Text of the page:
harissamiso3

And I think that is what we all need to remember when buying local and seasonally. Sometimes you can trick crops and still get great results. I remember first learning about this when I was reading about growing peas. Sites suggested that you can grow them again in the fall by planting seeds and constantly spraying the seeds with cold water in try and “trick” the seeds that it is early spring. There are also foods that we don’t think about getting “fresh” like onions, garlic, and roots. And it is true, they don’t NEED to be fresh exactly. But my CSA divides these up through out the year. For example we get spring beets then again in the fall. We get a few heads of garlic when the pick them from the ground, then we get them again in the fall once they are done curing. Oh and the garlic scapes too!

harissamiso4

This dish was insanely easy and I was really excited how tasty it was! I will happily make this again (next week even if I get more peppers!) You can easily wrap it up in a burrito with some brown rice too! 

So to sum it up, these are what I used that AREN’T seasonal produce

  • flour tortilla wraps (you could probably make raw corn tortillas though!)
  • 1 tbsp miso
  • 1 tsbp olive oil + some more
  • salt & chili powder
  • lemon juice + garlic + spices for the harissa

Continue reading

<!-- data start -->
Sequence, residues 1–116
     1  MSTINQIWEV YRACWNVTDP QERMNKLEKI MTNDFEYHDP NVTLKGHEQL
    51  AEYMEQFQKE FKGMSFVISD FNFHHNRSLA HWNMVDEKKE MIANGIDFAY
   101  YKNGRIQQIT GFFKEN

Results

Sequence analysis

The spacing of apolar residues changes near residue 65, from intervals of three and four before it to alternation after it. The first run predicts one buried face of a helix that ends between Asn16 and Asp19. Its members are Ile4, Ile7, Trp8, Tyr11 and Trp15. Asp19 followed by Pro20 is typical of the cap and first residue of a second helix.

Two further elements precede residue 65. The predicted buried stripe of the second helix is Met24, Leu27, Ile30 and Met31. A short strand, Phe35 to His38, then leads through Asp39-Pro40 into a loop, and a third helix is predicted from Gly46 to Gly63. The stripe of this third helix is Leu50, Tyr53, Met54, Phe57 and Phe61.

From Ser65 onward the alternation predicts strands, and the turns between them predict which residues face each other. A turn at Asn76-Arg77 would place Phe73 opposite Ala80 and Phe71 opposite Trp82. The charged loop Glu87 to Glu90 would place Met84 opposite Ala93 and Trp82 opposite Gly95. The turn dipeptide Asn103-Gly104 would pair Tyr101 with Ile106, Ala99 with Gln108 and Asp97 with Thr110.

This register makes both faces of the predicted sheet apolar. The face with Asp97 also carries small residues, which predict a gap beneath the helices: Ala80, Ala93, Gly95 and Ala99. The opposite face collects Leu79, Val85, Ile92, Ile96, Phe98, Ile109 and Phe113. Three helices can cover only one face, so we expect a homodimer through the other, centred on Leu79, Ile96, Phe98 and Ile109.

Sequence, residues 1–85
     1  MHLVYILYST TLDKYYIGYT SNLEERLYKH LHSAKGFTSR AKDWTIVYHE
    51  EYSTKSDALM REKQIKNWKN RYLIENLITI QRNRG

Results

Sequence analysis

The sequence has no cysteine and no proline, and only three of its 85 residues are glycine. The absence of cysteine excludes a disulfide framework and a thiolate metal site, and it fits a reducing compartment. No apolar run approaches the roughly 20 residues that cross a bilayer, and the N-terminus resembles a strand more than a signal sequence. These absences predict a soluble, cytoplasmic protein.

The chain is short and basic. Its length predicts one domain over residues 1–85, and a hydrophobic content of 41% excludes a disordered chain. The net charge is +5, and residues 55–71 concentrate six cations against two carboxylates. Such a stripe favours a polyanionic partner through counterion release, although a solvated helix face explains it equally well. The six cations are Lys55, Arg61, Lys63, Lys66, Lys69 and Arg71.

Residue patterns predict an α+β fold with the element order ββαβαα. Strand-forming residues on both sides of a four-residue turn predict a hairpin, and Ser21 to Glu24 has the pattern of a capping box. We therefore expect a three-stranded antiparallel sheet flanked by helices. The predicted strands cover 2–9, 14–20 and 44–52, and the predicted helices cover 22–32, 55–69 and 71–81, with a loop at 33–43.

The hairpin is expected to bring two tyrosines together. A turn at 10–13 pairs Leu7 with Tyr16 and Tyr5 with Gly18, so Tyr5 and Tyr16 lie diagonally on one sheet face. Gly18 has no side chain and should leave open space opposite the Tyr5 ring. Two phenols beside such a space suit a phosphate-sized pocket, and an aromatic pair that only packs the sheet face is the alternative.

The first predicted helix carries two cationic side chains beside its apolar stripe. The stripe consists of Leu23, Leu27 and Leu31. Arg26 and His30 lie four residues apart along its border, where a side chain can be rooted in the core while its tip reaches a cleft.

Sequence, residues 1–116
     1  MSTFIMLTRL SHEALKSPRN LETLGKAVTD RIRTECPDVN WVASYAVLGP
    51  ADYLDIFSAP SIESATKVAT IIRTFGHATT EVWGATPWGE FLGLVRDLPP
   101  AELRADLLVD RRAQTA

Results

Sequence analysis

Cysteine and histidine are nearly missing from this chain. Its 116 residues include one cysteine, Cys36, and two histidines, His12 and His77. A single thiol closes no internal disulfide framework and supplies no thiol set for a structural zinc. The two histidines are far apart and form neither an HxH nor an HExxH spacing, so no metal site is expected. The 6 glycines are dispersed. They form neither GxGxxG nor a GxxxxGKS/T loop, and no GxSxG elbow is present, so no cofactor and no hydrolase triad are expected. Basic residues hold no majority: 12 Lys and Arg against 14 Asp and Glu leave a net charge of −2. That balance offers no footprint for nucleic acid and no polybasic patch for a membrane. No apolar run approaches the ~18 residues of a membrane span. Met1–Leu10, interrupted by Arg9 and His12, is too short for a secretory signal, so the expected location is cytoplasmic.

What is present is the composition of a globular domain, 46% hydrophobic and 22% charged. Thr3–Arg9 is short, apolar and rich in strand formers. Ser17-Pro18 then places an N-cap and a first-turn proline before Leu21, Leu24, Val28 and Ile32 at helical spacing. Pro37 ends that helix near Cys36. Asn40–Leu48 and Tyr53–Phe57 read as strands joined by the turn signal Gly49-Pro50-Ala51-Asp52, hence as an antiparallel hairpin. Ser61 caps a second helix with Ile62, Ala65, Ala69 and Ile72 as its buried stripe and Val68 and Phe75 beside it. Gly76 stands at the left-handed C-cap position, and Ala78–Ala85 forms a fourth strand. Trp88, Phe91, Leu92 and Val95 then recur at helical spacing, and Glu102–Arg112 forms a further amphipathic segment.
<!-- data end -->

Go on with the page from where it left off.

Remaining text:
blackmangochili1

Today has been a gross day. I’ve been accepting that my productivity is deeply effected by the weather. Particularly overcast rainy days. Whenever they is a steady drizzle I just want to stay in all day and pretty much do nothing. Now that the sun is coming out I am finally getting around to posting this awesome recipe.

blackmangochili2

I am a little surprised that I am just posting a chili recipe. I’ve become a pro at chili, I could practically make them in my sleep. I’ve become so comfortable with them that I’ve more or less stopped using any sort of recipe. It also so helps that I use chilis as a great medium to chuck all my leftover produce in one dish. Oh and don’t forget the fact that I get hella good chili peppers from my CSA. 

blackmangochili3

So what has prompted me to make a chili recipe since I am not so formal about my chilis? Really cheap mangos. I love fresh mangos, especially ones that aren’t too fibrous. I bought a giant box of mangos and then started to get tired of blending mangos in my smoothies. Mangos were building up and I didn’t want my last three to go to waste. So I figured I could make something savory out of them.